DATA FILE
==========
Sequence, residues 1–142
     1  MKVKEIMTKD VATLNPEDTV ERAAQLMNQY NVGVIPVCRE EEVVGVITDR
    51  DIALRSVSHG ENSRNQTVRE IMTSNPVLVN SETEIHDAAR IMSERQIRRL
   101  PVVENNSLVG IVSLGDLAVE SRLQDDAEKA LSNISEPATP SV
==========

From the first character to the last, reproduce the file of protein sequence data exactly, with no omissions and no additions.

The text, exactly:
Sequence, residues 1–142
     1  MKVKEIMTKD VATLNPEDTV ERAAQLMNQY NVGVIPVCRE EEVVGVITDR
    51  DIALRSVSHG ENSRNQTVRE IMTSNPVLVN SETEIHDAAR IMSERQIRRL
   101  PVVENNSLVG IVSLGDLAVE SRLQDDAEKA LSNISEPATP SV